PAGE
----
Leg Sports Injuries
Leg injures are common and can affect the upper (thigh) or lower (shin) leg. Leg injuries can occur to any part of the leg including skin, muscles, or the bones themselves. Hip, knee and ankle injures involve a joint and may be treated differently. So it’s no surprise that at Henry Ford, our board-certified sports medicine physicians, orthopedic surgeons and physical therapists treat hundreds of athletes for leg pain every year. When you visit us for treatment, you’ll receive reliable, personalized care designed to get you back in the game as quickly as possible--whether you’re a Detroit Lion or aspiring to be one.
When To See A Doctor
When you are first injured, the Henry Ford sports medicine team recommends the RICE method, which stands for Rest, Ice, Compression and Elevation. If you think you have a severe injury or if your leg pain persist after a few days, contact a doctor immediately.
Reasons to see a doctor for a leg injury include:
- Redness not going away
- Worsening bruising
- Tenderness in a specific area
- Trouble walking
- Cannot put any weight on the injured leg
How We Treat Leg Injuries
When you come to Henry Ford with a leg injury, a sports medicine physician will begin by performing a complete physical exam and going over your medical history. If necessary, we’ll arrange an X-ray, MRI or CT scan to make an accurate diagnosis. After a diagnosis has been made, we’ll design a custom treatment plan that may involve physical therapy or—as a last resort—surgery.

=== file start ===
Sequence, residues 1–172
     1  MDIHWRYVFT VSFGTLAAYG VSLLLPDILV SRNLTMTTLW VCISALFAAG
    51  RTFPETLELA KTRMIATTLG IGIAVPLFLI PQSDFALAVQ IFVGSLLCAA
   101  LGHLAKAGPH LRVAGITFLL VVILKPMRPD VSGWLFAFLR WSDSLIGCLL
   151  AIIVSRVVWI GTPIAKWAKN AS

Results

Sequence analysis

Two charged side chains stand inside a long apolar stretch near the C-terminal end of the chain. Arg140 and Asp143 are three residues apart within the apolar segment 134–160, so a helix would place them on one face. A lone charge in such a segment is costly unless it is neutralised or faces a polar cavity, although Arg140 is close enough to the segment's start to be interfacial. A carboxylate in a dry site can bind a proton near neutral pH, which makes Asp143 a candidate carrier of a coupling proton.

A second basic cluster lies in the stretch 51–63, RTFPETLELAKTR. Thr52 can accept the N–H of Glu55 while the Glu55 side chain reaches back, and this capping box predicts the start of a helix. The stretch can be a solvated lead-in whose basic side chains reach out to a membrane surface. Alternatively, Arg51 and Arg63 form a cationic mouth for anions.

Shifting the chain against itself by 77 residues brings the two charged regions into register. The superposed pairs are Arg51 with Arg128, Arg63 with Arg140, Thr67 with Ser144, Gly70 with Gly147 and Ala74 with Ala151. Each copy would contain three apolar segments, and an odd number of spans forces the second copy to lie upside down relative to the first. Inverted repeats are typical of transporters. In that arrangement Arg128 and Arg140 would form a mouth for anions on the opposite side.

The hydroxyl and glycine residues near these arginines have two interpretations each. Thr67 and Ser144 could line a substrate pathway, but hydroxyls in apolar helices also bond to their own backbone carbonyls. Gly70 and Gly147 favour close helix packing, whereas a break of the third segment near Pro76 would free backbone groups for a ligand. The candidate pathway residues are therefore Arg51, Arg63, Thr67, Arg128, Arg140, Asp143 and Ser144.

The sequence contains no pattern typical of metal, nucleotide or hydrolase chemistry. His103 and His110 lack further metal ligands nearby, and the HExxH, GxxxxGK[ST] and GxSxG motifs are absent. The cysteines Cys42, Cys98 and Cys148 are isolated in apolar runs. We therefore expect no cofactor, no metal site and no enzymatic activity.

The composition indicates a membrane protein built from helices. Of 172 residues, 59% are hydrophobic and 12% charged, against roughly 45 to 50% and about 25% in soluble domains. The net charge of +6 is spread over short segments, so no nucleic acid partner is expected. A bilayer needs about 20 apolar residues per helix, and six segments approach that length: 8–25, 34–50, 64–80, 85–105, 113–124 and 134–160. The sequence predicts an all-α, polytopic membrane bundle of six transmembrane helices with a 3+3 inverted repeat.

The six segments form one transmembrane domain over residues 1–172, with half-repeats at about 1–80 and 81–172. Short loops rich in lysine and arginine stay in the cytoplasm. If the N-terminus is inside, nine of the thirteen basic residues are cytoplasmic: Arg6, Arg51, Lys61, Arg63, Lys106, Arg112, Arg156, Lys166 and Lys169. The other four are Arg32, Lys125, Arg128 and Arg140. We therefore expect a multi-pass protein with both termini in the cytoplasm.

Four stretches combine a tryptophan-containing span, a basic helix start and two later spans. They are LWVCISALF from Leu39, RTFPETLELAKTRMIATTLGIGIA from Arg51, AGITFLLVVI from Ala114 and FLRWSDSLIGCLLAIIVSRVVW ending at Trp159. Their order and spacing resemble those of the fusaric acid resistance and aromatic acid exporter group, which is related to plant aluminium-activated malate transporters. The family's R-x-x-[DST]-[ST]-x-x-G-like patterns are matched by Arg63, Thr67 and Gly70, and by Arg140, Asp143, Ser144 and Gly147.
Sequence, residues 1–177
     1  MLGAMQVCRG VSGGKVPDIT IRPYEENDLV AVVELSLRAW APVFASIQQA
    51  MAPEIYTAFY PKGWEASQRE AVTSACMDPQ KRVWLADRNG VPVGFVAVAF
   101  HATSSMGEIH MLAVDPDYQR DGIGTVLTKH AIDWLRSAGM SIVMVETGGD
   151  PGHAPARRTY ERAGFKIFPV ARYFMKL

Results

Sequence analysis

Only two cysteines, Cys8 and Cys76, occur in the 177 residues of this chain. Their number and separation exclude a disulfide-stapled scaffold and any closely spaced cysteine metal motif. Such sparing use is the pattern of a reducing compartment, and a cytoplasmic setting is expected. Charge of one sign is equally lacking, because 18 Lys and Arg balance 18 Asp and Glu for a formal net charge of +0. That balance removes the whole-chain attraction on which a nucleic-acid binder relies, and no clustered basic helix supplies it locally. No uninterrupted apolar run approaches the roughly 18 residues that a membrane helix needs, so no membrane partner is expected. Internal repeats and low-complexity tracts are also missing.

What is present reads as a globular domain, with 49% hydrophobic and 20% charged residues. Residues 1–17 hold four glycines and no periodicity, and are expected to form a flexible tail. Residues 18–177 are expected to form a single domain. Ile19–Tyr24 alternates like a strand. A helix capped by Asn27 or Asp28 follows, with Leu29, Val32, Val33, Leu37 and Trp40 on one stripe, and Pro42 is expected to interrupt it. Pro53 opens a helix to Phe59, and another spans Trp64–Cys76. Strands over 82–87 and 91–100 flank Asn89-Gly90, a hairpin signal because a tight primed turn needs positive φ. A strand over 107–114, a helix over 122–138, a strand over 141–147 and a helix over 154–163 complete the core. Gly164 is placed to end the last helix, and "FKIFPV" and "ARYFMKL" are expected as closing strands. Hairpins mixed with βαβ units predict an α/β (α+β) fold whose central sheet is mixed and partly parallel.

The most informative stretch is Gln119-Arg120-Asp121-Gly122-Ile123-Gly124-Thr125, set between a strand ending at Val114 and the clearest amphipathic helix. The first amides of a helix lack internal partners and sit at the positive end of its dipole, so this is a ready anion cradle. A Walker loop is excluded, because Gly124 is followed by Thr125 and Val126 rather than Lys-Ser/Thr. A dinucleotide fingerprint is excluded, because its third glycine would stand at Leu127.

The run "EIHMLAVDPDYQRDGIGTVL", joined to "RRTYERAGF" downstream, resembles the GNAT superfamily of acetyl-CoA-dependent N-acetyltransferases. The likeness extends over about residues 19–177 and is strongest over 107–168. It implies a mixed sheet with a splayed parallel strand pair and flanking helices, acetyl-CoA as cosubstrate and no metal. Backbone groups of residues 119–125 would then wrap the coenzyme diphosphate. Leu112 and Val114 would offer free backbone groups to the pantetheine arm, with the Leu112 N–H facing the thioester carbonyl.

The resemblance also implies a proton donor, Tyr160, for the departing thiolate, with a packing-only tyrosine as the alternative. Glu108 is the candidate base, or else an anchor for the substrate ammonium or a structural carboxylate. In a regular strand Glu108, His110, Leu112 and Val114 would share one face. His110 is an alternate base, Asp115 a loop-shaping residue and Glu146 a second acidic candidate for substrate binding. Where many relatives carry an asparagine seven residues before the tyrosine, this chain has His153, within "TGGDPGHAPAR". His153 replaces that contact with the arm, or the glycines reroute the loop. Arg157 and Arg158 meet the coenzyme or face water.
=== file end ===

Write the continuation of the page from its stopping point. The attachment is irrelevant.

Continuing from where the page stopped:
R.I.C.E. method (Rest, Ice, Compression, and Elevation) — When a leg injury first occurs, patients should rest the affected area to prevent further injury from occurring; ice it to reduce pain; compress it to reduce swelling; and elevate the injured leg above the heart to also reduce pain, swelling and recovery time. RICE is used right after the injury, usually for three to five days.
Physical Therapy — Many leg injuries can be treated with physical therapy once swelling and bruising have improved, either on its own or in conjunction with surgery. For recovering patients, Henry Ford’s rehabilitation team takes a multidisciplinary approach, combining exercise and strength training with manual therapy at more than 20 outpatient facilities across southeast and south central Michigan.
Anti-inflammatory medication — Over-the-counter drugs such as Tylenol, Advil, Motrin and Alleve can often help reduce leg pain from minor sprains and aid in initial recovery.
*Non-surgical treatment is used for most leg injuries like bruises, muscle strains (pulls) and tears. Most overuse injuries like tendonitis (tendon inflammation) are treated without surgery.
Tendon Repair -- Tendons may become torn or detached from a bone. Torn tendons usually happen close to a joint like hamstring/quadriceps/patellar tendon tears. The need for surgery is usually due to the amount of tendon torn.
Compartment Release -- Muscles are surrounded by tissue to hold them in place called fascia. Sometimes the muscles can become so swollen the fascia prevents blood from entering the muscle. The fascia has to be cut to prevent permanent muscle damage.
Stress Fracture Surgery — In sports, stress fractures are common in the leg, particularly in the tibia (shin bone) and fibula (located next to the tibia). To heal a stress fracture, surgery may be required that involves metal plates, screws or rods.